Azad mentions that the 14th century Egyptian scholar Ibn al-Ḥājj (d. 1336 CE) spoke against women sitting across men during learning sessions, considering inappropriate. But she makes the astute remark that rather than his perspective, rather than representing a widely-followed norm and prescription, actually represents the opposite. Women’s free mingling with men in mosques had become a reality and this scholar simply tried to express his disapproval of it. In my book An Intelligent Person’s Guide to Understanding Islam and Muslims, I caution against viewing Islamic scholars’ statements as representations of norms since they often actually represent the opposite; they are anti-norms that they only wished to become norms. When Ibn al-Jawzī (d. 1201) complains about various errant practices in the Baghdad of his time, while a casual reading by a past Orientalist may have led him to think of the Baghdadian culture of the time as a theocratic society controlled by scholars, the evidence actually suggests the exact opposite: scholars had little power to control their societies, showing the great freedom enjoyed by the Muslims of the time. The reality of Islamic societies is that the elite of Islam (the scholars and the devout Muslims) often as a class stand against the elite of society and the “ordinary” Muslims. The Islamic elite always pull in one direction (toward a better practice of Islam), while the rest of society often pulls in the other direction (toward slackness and freedom). In this way a dynamic equilibrium is reached that cannot in any way be honestly described as a theocracy.

However, it is true that in classical Islam there was often a partnership between the social elite and the religious elite, as Azad discusses. But I believe this does not disprove my thesis since we have numerous examples of the religious laxity of many of the social elite of classical Islam. It was, for example, an extraordinarily pious step when one of the Abbasid caliphs decided to ban alcohol drinking-houses, showing that the Caliphate’s usual policy had been one of tolerance toward such an un-Islamic aspect of their society.

In her paper, Azad focuses on the career of Umm ʿAlī Fāṭima of Balkh, a female mystic and a member of the elite of Balkh’s society mentioned in a number of Sufi-oriented Iranian sources. She was taught tafsīr by Ṣāliḥ b. ʿAbdallāh al-al-Tirmidhī (d. 853-4) and transmitted his book in this field. She stayed seven years in Mecca after performing the pilgrimage in order to seek knowledge. This was not unusual. Davidson College professor Jonathan Berkey mentions that out of 1075 women listed in a biographical dictionary of the fifteenth century, 411 obtained a similar education.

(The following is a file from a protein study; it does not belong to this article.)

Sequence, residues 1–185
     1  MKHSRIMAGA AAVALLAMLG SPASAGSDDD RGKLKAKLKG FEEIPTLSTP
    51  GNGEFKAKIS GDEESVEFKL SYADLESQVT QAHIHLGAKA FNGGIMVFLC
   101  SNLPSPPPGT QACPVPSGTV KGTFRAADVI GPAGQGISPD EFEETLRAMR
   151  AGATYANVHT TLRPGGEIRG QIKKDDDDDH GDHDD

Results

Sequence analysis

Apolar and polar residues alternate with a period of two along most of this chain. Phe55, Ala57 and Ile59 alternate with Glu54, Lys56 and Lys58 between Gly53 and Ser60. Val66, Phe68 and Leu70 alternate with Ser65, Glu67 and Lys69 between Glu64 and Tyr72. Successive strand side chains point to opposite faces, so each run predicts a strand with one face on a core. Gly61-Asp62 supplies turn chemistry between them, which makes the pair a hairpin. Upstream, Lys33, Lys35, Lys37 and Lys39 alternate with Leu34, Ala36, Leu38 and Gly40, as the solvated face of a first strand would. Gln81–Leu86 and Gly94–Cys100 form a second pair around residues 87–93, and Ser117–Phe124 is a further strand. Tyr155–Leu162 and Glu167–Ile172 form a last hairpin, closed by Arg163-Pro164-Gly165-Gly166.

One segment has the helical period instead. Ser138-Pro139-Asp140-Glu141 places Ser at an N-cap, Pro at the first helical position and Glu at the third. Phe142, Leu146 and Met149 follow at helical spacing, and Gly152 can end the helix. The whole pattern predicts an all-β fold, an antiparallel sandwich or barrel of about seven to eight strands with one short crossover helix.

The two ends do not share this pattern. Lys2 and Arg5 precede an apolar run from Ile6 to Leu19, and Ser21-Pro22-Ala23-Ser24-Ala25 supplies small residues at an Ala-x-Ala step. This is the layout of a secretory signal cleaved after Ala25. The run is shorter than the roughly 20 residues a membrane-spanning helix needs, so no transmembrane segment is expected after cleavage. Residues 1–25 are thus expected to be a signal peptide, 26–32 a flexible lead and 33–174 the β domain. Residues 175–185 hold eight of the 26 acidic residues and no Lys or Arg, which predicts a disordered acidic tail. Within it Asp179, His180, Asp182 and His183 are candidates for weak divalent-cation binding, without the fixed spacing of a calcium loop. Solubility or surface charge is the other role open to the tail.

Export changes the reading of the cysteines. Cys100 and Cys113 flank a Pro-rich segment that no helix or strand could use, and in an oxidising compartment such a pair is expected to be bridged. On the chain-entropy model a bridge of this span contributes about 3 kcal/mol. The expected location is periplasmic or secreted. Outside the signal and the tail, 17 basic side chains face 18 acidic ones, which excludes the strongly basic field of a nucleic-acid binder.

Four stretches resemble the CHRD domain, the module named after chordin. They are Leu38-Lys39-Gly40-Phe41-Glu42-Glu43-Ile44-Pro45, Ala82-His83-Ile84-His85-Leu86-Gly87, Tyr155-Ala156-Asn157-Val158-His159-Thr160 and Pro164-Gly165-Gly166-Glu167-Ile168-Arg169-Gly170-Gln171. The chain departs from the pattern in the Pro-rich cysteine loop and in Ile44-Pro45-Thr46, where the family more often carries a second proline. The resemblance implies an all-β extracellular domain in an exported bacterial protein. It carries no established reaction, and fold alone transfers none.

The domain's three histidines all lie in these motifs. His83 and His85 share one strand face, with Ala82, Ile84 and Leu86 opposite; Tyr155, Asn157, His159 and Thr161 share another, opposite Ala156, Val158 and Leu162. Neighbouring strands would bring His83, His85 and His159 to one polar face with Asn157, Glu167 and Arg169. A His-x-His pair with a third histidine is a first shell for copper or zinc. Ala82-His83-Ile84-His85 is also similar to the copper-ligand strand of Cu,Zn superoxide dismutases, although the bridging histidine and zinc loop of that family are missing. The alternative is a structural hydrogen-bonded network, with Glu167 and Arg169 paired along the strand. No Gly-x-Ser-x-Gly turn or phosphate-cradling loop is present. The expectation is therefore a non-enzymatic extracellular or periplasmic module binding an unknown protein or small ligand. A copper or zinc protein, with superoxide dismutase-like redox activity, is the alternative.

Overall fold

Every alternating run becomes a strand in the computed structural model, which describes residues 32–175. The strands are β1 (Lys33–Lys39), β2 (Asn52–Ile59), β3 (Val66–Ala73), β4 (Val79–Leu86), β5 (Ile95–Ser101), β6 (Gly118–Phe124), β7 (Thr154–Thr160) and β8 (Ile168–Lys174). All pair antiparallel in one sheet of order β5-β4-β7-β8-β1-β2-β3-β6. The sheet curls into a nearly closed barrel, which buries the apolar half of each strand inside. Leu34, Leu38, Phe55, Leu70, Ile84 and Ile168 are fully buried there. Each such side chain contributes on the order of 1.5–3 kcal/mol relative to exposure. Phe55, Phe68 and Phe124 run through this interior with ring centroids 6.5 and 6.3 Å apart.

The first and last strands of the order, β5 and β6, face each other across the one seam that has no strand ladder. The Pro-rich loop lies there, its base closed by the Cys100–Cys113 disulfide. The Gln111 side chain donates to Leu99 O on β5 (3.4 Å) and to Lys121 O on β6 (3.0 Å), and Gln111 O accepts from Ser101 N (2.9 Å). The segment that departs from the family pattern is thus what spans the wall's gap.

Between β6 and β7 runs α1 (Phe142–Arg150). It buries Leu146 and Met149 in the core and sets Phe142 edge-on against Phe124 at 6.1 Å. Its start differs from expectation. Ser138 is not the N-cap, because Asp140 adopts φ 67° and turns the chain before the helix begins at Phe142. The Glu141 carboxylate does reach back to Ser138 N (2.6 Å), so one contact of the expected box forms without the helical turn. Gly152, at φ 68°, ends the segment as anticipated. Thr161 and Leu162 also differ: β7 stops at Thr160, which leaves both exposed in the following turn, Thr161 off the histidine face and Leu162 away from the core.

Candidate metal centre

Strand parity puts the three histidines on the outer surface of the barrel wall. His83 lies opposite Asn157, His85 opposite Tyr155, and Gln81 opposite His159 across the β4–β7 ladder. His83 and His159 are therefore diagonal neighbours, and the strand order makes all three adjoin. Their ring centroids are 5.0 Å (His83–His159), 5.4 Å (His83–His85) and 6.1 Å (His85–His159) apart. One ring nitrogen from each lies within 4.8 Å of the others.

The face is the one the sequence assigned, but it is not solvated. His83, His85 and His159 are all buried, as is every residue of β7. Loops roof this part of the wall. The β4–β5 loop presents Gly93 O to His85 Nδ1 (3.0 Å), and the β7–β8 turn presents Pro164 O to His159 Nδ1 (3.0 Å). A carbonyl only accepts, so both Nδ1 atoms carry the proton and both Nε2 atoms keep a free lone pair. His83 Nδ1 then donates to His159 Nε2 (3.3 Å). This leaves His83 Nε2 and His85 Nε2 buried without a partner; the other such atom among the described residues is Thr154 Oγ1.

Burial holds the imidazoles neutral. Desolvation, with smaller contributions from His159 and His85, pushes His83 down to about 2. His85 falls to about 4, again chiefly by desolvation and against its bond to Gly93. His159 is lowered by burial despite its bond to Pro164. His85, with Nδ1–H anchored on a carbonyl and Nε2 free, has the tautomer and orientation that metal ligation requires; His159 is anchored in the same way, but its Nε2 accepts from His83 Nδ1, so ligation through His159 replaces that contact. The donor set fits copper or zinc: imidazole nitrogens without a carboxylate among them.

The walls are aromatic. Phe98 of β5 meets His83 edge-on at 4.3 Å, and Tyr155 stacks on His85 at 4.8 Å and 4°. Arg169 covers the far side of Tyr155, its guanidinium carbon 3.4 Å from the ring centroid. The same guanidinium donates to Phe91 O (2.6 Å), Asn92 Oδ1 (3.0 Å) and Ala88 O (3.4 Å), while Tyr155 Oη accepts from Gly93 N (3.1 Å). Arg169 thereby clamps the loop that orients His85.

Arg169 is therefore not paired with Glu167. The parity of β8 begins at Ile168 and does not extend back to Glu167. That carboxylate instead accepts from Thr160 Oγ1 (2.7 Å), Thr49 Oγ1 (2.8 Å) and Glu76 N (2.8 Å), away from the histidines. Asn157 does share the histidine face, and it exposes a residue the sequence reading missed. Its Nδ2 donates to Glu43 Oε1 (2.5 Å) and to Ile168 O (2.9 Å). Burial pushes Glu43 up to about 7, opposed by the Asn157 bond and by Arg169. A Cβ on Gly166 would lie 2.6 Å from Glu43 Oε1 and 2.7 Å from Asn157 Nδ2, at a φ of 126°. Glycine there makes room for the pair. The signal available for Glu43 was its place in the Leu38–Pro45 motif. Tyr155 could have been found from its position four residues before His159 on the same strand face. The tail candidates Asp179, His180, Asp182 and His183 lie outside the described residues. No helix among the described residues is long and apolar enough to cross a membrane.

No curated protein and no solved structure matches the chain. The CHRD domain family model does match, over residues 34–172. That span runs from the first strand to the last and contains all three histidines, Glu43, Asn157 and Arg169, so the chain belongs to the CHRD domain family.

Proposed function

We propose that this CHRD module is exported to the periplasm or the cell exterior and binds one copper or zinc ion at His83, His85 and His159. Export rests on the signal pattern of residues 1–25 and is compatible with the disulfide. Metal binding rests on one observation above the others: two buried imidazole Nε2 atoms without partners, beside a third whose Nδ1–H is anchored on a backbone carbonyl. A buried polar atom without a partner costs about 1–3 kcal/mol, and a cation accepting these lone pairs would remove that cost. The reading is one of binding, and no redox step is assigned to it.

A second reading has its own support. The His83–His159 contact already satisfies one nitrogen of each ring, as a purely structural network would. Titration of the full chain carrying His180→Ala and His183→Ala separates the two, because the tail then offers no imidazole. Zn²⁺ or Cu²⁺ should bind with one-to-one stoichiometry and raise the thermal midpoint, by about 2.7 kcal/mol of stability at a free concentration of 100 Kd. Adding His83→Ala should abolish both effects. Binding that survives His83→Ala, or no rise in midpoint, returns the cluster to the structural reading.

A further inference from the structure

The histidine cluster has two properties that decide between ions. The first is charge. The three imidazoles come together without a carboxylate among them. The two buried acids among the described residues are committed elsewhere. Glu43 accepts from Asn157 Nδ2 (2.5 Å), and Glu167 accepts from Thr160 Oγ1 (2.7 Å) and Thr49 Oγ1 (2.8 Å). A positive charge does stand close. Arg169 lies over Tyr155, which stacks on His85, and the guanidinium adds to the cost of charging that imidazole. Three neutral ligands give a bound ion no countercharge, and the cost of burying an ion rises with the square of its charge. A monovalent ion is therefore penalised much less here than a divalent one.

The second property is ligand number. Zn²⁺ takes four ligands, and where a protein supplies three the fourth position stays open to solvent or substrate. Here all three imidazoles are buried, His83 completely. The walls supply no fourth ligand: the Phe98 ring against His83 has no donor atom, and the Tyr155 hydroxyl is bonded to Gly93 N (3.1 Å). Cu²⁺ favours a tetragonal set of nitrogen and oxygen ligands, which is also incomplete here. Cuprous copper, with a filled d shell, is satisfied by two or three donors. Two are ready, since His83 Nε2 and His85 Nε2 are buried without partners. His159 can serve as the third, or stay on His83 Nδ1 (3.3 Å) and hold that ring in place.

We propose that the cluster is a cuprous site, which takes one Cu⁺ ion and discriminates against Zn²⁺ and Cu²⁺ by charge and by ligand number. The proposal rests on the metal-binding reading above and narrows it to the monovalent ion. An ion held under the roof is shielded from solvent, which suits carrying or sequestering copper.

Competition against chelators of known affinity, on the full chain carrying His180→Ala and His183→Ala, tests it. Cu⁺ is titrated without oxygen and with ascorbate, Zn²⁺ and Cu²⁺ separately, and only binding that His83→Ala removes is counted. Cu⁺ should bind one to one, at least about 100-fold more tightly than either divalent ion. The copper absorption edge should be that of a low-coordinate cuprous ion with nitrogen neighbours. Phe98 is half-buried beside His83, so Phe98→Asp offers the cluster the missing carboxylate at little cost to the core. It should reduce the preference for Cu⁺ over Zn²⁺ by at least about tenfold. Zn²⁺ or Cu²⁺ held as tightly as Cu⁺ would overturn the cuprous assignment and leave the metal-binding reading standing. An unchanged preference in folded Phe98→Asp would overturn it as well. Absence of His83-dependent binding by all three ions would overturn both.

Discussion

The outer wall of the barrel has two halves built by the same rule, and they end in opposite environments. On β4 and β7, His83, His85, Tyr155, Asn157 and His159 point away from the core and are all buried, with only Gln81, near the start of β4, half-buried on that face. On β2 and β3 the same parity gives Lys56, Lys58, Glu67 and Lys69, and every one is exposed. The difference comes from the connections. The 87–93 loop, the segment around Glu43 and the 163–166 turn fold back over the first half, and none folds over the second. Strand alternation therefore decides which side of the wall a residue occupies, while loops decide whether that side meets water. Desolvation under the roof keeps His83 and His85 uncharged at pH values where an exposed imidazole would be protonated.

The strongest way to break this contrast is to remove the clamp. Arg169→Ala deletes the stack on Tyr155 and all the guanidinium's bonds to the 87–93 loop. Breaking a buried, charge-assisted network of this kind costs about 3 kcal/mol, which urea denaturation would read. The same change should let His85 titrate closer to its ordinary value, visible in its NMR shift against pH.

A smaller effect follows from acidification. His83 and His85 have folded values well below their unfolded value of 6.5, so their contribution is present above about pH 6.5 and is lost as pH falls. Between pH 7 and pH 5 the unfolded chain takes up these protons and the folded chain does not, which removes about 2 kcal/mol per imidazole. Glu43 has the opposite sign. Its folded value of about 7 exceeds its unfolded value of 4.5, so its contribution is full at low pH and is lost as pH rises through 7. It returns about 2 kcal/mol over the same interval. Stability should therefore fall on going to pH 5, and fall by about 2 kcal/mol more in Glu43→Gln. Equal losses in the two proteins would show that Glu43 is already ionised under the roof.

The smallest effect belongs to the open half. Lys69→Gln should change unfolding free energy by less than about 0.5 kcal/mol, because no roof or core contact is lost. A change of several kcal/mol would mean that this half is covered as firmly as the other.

Umm ʿAlī’s husband was the judge and mystic Abū Ḥāmid Aḥmad b. Khiḍrawayh (probably died 854-5). Umm ʿAlī took the interesting step of proposing to her husband. Al-Ḥujwirī (d. 1077) mentions (to use Azad’s translation, the first note in brackets is mine):

When she changed her mind [about not marrying], she sent someone [with a message] to Aḥ mad: “Ask my father for my hand.” He did not respond. She sent someone [again with a message]: “Oh Aḥmad, I did not think you a man who would not follow the path of truth. Be a guide of the road; do not put obstacles on it.” Aḥmad sent someone [with a message] to ask her father for her hand.

Azad narrates an anecdote in which Umm ʿAlī “removes the veil from her face” upon meeting the famous mystic Abū Yazīd (Bāyazīd) al-Biṣtāmī (d. 874 or 877-8) Al-Ḥujwirī recounts this as “Fāṭima niqāb az rūy bar-dāsht” (Fāṭima removed the niqāb from her face) (while her husband was present). This suggests that she merely broke a social convention rather than Islamic law—she did not necessarily remove her full ḥijāb. She simply trusted the great mystic enough to break social convention and let him see her face, believing that he would not objectify her for her beauty and attractions but continue to see her as a fellow human mystic. Elsewhere it is mentioned that once when Bāyazīd comments on the henna designs she has on her hand, she decided to stop learning with him, believing that this was an unacceptable breach of etiquette—the great mystic had taken note of her external appearance. Thus rather than suggesting any laxity toward religious law, the anecdote suggests her high character and her bravery in breaking social convention due to the trust she had in the power of the mystical path upon men.

In conclusion, Azad’s study is a very welcome contribution to rejuvenating the legacy of Islam’s great women in the classical period.